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Available under a Creative Commons Attribution Non-Commercial Share Alike 4.0 International Licence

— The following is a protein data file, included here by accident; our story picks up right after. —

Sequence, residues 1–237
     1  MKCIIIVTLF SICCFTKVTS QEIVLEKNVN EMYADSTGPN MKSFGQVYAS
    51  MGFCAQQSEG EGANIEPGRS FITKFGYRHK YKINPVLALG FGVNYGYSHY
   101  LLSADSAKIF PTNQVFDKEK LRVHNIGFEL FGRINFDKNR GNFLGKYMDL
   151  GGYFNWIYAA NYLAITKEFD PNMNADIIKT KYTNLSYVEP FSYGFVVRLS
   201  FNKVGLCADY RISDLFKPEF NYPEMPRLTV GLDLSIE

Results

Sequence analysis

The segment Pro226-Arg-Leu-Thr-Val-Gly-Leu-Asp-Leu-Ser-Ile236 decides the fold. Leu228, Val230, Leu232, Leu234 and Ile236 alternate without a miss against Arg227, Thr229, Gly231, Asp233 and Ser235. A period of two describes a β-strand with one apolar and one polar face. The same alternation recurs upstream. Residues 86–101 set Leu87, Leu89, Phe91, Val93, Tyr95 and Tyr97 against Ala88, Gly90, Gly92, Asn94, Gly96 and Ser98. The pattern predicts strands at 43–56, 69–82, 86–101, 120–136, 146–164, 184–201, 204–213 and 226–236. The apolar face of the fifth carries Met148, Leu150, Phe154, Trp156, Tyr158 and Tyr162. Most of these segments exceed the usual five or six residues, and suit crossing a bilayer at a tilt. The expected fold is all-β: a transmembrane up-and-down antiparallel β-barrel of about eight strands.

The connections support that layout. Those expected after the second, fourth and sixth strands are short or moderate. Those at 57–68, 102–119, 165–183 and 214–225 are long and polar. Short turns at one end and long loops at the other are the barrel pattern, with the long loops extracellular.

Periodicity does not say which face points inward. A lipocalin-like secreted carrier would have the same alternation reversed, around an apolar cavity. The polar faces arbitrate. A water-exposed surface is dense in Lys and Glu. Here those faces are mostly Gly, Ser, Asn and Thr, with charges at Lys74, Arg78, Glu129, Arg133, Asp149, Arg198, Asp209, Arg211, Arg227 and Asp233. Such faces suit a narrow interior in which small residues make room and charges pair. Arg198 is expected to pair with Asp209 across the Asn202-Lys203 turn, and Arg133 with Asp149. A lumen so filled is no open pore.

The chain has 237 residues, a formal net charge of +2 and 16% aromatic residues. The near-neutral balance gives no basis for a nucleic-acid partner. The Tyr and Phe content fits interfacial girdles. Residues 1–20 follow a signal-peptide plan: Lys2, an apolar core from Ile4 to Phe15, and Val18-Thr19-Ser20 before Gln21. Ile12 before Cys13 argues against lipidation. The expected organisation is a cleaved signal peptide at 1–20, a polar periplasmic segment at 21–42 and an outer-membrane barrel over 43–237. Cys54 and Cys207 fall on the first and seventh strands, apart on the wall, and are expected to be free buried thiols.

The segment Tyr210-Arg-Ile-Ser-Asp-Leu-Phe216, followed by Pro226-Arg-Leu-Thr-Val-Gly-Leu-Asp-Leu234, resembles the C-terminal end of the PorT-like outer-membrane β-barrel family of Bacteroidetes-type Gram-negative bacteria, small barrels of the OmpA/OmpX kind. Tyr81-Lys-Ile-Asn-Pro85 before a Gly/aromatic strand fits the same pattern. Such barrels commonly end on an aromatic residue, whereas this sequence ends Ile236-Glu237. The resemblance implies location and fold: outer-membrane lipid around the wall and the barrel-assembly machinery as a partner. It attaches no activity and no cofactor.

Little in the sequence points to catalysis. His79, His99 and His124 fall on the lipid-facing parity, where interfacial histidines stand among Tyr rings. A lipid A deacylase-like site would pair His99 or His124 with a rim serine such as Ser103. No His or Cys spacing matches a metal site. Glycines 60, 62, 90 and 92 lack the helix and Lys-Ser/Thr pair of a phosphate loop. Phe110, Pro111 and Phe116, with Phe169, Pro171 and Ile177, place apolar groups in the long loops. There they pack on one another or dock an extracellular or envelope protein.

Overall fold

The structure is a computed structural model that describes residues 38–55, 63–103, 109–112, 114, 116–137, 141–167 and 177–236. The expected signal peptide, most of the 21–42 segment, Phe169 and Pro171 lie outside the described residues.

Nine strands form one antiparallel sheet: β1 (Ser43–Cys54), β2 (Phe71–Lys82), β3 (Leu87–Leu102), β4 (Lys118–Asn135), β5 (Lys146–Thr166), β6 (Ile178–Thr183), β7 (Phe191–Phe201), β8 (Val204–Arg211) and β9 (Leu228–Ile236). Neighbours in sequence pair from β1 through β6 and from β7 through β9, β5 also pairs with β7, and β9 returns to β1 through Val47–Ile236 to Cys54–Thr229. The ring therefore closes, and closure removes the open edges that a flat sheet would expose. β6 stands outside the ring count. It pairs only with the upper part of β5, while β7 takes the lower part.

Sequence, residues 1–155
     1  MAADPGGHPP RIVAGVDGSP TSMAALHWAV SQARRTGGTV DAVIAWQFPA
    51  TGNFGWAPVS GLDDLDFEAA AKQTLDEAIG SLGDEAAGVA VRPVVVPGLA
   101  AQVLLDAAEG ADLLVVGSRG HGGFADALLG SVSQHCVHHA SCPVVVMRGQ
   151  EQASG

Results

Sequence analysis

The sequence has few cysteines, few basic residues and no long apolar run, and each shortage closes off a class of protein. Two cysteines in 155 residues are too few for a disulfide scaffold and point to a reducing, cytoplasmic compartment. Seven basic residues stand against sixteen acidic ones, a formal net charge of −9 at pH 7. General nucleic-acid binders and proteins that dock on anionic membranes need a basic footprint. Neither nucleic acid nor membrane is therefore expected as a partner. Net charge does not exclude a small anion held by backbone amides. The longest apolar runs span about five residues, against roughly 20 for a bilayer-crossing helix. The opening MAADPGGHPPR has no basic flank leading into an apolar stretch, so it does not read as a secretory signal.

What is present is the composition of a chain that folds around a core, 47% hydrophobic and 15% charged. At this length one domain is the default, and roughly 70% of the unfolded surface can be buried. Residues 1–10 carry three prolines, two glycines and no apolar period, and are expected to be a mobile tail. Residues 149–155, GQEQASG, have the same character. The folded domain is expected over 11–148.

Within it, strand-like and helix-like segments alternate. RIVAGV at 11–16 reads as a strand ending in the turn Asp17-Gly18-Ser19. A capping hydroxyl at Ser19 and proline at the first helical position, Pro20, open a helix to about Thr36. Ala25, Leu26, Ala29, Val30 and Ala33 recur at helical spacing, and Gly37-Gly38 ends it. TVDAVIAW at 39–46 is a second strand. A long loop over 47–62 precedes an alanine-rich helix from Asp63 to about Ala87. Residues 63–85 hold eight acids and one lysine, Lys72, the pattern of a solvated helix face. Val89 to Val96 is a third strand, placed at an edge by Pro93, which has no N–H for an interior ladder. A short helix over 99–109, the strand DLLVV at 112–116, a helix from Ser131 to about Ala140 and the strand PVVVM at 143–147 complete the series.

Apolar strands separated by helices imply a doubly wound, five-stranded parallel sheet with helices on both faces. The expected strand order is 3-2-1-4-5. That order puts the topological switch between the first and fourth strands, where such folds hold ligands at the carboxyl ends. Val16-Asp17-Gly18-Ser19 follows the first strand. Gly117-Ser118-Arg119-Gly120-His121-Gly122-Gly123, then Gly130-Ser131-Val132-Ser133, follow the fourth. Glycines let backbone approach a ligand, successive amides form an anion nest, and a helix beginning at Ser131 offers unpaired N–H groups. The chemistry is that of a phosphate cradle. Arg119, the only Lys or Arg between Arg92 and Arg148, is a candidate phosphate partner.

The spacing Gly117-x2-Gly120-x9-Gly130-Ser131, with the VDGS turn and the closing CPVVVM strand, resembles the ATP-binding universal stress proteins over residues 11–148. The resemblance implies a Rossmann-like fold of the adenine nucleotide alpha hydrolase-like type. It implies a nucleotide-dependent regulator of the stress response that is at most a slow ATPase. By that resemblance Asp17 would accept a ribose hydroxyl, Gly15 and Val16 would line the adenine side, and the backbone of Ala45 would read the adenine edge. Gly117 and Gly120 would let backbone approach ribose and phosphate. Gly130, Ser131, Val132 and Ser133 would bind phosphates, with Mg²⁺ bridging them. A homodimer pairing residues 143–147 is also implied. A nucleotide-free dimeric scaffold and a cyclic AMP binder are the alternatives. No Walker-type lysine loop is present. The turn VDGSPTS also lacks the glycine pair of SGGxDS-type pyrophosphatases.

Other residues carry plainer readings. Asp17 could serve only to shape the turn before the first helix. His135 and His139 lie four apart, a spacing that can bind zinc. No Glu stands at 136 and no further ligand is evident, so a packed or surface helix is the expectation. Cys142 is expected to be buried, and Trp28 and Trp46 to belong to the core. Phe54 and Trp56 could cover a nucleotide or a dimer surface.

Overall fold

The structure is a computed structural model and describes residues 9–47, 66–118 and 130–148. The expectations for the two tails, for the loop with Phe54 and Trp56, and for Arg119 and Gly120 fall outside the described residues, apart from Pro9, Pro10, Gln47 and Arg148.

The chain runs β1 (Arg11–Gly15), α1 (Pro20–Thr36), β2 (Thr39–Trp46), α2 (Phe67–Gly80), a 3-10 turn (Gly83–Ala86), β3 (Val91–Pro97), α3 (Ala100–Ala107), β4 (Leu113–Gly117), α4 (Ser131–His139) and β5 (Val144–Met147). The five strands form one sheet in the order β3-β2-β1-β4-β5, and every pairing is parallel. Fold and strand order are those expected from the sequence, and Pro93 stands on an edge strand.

This study reports on the performance of a scalable barrel atmospheric plasma system for the treatment of polymer particles. A novel feature of the barrel system design is the use of a biased electrode, which also acts as the roller for the glass barrel. The plasma is generated using either helium or helium / oxygen gas mixtures. The reactor was used to activate 20 g batches of silicone, polypropylene (PP), acrylonitrile butadiene styrene (ABS) and polyethylene terephthalate (PET) particles, each with diameters in the range 3 to 5 mm. The effect of plasma treatment time and gas flow rate on the water contact angle of the treated polymer particles was examined. The polymer water contact angles decreased from up to 140° to less than 10° after the barrel plasma treatment (polymer dependent). X-ray photoelectron spectroscopy (XPS) analysis is used to monitor the effect of the plasma treatment on both PET and silicone polymer particles. Optical emission spectroscopy (OES) was used as a diagnostic tool to monitor changes in atomic and molecular species intensity with experimental conditions. Emission lines of helium, oxygen and molecular bands of OH, N2 and N2+ were monitored and correlated with their spatial distribution within the plasma chamber. Electrical characterisation studies demonstrated an increase in plasma power with increasing input voltage and helium flow rate. The heating effect of the plasma was monitored using an infrared thermographic camera, the maximum barrel temperature after 30 minutes treatment found to be 29°C. While the current barrel plasma system design can treat 20 g of polymer the system design has the potential to be readily scalable for the activation of larger batches of particles.


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